Other factors that go into selecting the most appropriate media channel for your brand’s PR strategy include media availability, your content distribution strategies as well as your market penetration.
The 4 broad media types
Here then, in no particular order, are the 4 main media types which you can target for your PR strategy.
Type 1: Print media
Despite it’s apparent dwindling popularity, print media is still one of the most prevalent outlets for receiving news or messages. Comparatively, the print industry has been around for the longest time, and has long established credibility worldwide.
Examples of print media are newspapers, magazines, books and so forth. It is primarily for establishing brand worthiness & value in the marketplace. Through a single article or print advertisement alone, you are able to communicate very broadly, with broad reach, to a large target audience.
Print media is often considered extremely useful, having arguably the broadest reach within a reasonable cost. However, given its diminishable nature, the short life span of print media is also something that brands should take into consideration.
Type 2: Broadcast media
Broadcast media refers to television (TV) advertising, radio, etc. This media type is often the principal source of entertainment for the masses. Broadcast media holds an air of excitement, and is believed to be the most influential and persuasive medium for reaching a wide audience.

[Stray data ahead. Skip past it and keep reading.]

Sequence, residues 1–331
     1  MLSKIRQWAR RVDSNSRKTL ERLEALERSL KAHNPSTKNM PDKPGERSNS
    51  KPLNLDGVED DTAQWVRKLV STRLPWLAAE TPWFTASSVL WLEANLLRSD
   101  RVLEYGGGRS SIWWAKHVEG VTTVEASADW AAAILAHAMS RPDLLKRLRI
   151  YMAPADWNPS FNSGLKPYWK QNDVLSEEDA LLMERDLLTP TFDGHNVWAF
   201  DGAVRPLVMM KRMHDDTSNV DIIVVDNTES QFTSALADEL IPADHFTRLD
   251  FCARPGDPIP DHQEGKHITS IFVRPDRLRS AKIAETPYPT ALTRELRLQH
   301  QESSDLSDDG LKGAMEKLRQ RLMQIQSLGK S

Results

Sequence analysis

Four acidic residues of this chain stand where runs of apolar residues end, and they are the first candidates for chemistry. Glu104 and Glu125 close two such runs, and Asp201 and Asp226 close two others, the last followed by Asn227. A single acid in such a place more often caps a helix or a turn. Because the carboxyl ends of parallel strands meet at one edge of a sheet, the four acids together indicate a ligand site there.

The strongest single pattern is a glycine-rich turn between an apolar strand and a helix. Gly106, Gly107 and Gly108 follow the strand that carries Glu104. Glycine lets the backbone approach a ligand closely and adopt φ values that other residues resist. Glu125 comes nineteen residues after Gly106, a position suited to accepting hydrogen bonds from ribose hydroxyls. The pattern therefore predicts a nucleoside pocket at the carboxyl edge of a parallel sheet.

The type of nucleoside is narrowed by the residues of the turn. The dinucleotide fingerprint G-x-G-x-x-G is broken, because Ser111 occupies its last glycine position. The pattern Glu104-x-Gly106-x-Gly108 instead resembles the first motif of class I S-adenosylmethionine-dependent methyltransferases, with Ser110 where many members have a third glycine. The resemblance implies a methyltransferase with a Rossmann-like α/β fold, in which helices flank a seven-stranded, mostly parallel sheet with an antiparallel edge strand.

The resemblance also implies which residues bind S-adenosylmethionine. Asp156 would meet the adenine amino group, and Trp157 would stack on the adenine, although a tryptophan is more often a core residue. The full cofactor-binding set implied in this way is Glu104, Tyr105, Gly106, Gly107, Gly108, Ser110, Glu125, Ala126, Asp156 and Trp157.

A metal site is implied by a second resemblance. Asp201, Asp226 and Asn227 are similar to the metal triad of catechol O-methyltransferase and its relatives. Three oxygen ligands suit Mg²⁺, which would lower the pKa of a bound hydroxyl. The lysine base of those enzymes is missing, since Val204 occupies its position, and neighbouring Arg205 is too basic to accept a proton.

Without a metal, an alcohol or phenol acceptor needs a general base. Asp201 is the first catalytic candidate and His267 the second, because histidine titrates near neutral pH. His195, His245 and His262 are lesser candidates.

Since it stimulates multiple sensory receptors, broadcast media is a highly powerful audio-visual medium. Furthermore, this is spectacular media type as it allows for the most bandwidth for creativity. That, and, it is without the constraints that are prevalent in print or OOH media.
On the flip side, this spectacle also comes with a high cost. Furthermore, for instance when it comes to TV adverts, audiences often tend to “zap and zip”; in other words, change channels or fast-forward past the commercial. In those cases, the utilisation of the media type becomes rendered ineffective.
Type 3: Online media
The term “online media” can refer to anything on the internet – that intangible, ever-expanding thing that affects everyone and everything. But for our purposes, we specifically refer to blogs, news websites, podcasts and social media marketing.